Tomás Q. Morín is a poet and visiting writer-in-residence at Texas Tech University. He’s also a seventh-generation Tejano.
“My family’s history in Texas goes back a long ways – before the border moved on us,” Morín says.
Mass shootings over the summer “depleted” him. He says it’s almost as if he doesn’t have any shock or outrage left in him because the shootings seem to be so frequent now. Even so, he says the El Paso shooting shook him, particularly because the shooter targeted “people who look like me,” he says. “It’s alarming.”
And he says these shootings are a continuation of the trauma many Americans have felt and passed down through generations.
“The way in which this country was taken and built upon the blood of Native Americans, the blood and the stolen lives of Africans, and I think the Second Amendment is intimately tied into all of this,” Morín says. “I can’t help but think that a country that is taken and built in such a way, that there wouldn’t be some sort of anxiety about being able to lose the country in the same way.”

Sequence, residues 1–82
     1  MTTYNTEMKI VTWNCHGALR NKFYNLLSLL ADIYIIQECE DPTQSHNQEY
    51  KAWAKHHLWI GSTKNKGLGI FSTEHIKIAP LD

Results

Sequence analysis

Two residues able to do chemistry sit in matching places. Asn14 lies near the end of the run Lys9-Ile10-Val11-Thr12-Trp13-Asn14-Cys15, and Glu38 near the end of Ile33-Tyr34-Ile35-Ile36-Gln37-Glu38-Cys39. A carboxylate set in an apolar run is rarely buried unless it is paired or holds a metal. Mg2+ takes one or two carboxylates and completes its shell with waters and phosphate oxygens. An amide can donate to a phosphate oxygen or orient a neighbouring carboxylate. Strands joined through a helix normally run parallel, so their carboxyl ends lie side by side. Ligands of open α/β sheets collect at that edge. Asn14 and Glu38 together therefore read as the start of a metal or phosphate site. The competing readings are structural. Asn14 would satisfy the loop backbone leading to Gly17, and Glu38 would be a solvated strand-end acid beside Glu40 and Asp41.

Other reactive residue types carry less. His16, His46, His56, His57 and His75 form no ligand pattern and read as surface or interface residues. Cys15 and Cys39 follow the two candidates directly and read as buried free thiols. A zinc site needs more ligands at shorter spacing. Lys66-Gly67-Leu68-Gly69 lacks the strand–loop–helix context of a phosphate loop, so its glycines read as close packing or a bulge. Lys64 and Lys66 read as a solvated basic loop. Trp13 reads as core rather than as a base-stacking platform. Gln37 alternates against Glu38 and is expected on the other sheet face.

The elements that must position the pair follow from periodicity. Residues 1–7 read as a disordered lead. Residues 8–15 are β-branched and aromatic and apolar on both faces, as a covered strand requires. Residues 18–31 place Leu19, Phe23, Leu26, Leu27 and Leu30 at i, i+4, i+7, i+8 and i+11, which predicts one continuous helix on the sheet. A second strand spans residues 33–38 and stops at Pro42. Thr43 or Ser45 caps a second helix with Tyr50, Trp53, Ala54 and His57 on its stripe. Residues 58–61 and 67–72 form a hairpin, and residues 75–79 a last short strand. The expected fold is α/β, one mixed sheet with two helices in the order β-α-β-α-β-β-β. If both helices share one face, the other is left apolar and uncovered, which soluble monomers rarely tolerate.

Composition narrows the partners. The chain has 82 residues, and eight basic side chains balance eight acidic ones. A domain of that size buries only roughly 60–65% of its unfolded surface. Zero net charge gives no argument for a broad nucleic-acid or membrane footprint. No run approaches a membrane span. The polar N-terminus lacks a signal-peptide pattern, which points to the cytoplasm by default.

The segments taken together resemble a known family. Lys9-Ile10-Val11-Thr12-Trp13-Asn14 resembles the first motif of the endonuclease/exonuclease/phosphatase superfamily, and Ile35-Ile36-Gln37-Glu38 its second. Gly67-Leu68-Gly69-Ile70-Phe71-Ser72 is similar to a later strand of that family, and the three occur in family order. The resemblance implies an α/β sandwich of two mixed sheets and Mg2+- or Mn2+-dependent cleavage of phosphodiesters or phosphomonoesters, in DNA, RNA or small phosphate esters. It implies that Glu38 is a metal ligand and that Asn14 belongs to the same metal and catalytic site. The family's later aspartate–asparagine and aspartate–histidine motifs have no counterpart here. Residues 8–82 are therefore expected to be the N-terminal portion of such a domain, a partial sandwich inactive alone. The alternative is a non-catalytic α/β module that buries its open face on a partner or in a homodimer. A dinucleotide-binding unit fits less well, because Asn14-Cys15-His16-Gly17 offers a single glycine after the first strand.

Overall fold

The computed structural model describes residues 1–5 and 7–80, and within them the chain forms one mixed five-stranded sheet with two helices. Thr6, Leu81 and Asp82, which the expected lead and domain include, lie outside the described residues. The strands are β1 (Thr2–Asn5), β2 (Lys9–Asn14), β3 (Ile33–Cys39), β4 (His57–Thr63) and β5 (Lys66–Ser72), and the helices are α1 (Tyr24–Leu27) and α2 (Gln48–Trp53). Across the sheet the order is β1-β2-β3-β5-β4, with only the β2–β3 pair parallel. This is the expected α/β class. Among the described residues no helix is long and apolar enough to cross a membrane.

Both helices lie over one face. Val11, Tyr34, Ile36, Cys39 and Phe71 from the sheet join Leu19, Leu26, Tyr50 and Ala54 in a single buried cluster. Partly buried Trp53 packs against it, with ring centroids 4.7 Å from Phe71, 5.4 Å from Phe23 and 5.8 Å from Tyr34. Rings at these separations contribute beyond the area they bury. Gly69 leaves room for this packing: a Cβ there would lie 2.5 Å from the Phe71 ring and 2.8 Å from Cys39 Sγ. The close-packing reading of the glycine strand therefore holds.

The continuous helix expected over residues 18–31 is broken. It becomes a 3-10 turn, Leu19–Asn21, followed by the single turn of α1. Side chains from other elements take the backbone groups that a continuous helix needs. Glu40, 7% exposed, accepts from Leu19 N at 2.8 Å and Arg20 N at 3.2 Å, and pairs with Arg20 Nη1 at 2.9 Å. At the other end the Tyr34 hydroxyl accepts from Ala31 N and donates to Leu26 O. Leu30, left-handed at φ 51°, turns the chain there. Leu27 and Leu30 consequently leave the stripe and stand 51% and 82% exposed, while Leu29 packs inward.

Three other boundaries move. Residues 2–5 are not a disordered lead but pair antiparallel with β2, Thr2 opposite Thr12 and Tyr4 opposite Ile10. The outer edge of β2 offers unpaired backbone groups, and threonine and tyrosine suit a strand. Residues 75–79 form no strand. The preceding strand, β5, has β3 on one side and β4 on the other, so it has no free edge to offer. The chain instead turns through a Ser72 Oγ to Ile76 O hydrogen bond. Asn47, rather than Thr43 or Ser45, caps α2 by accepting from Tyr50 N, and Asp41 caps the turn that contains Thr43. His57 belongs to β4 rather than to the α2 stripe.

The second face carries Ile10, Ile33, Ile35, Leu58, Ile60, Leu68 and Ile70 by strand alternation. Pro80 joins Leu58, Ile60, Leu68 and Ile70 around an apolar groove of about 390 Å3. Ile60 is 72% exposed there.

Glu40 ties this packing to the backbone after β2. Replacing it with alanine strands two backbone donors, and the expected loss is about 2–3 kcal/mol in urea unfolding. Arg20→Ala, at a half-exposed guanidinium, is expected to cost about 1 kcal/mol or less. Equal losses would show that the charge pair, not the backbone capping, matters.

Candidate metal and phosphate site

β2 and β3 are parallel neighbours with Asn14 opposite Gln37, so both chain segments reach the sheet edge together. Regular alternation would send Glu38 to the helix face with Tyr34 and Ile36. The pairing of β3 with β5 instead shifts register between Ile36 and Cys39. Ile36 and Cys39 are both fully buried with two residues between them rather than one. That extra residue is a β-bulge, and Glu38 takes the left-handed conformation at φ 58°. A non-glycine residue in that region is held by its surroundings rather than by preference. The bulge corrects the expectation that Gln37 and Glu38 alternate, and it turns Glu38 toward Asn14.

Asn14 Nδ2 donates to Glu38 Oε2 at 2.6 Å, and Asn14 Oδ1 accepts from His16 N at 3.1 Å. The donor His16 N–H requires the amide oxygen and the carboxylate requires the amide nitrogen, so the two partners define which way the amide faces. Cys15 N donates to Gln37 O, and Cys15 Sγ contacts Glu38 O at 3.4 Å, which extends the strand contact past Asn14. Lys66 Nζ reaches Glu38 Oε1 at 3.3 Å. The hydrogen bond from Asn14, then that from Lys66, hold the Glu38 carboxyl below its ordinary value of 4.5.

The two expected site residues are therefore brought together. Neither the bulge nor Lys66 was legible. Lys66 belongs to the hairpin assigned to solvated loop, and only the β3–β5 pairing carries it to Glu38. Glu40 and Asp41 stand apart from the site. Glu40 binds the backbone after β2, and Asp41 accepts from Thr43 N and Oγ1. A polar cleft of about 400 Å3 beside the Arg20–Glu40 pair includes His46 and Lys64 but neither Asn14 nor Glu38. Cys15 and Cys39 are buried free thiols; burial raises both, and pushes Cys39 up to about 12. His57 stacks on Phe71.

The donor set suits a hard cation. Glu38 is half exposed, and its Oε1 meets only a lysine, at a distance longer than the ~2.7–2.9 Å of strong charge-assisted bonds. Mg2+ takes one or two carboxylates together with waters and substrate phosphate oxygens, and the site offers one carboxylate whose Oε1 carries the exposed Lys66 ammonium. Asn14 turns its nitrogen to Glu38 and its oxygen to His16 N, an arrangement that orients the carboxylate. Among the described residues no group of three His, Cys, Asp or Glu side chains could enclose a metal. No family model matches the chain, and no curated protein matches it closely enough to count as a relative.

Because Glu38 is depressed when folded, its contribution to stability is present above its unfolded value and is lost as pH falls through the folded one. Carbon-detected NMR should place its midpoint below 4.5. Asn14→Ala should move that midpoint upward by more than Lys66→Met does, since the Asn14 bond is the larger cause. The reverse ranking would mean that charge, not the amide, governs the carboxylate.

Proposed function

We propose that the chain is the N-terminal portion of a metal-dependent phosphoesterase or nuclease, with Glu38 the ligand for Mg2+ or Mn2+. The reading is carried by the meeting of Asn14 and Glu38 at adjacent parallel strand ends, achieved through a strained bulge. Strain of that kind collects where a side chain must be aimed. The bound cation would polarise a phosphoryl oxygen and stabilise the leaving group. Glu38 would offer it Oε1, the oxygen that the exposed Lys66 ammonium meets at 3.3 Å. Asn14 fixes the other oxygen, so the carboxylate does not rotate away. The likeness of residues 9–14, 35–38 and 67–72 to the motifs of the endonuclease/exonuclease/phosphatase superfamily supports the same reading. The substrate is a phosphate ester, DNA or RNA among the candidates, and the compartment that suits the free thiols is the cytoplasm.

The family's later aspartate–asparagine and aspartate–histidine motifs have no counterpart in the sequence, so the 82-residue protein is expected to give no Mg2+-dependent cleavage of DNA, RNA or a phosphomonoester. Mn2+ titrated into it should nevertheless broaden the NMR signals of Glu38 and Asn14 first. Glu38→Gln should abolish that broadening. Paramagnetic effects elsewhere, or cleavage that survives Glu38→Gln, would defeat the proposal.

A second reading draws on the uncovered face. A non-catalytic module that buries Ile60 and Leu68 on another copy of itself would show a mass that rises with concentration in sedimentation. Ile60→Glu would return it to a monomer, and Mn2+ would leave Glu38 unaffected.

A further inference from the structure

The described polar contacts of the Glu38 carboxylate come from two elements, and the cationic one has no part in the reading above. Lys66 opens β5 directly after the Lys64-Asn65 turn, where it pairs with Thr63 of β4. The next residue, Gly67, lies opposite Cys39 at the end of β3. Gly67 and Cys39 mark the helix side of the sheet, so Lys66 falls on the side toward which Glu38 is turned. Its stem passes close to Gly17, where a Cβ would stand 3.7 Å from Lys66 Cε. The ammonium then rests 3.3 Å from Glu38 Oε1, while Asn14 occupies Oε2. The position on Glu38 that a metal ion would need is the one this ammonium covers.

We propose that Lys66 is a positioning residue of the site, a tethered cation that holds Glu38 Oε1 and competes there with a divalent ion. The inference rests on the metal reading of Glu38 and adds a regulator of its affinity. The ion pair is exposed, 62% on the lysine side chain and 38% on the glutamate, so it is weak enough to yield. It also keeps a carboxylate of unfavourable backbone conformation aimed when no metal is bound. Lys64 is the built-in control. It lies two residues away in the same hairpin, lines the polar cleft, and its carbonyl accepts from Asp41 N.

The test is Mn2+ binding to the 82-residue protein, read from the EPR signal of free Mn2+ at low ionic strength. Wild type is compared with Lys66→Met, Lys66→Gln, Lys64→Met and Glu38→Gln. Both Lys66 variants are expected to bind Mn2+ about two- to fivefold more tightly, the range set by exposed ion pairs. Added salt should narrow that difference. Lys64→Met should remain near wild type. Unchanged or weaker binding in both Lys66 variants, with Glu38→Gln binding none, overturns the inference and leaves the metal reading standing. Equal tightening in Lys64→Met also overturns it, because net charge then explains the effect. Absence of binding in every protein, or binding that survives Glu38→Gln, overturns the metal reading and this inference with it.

Morín is a new father, which has forced him to think about how to protect his child – including thinking about using himself as a shield should he ever encounter an active shooter. He says it wouldn’t surprise him if active-shooter parenting classes soon become available.
“We’re at a point where we need it,” he says.
Written by Caroline Covington.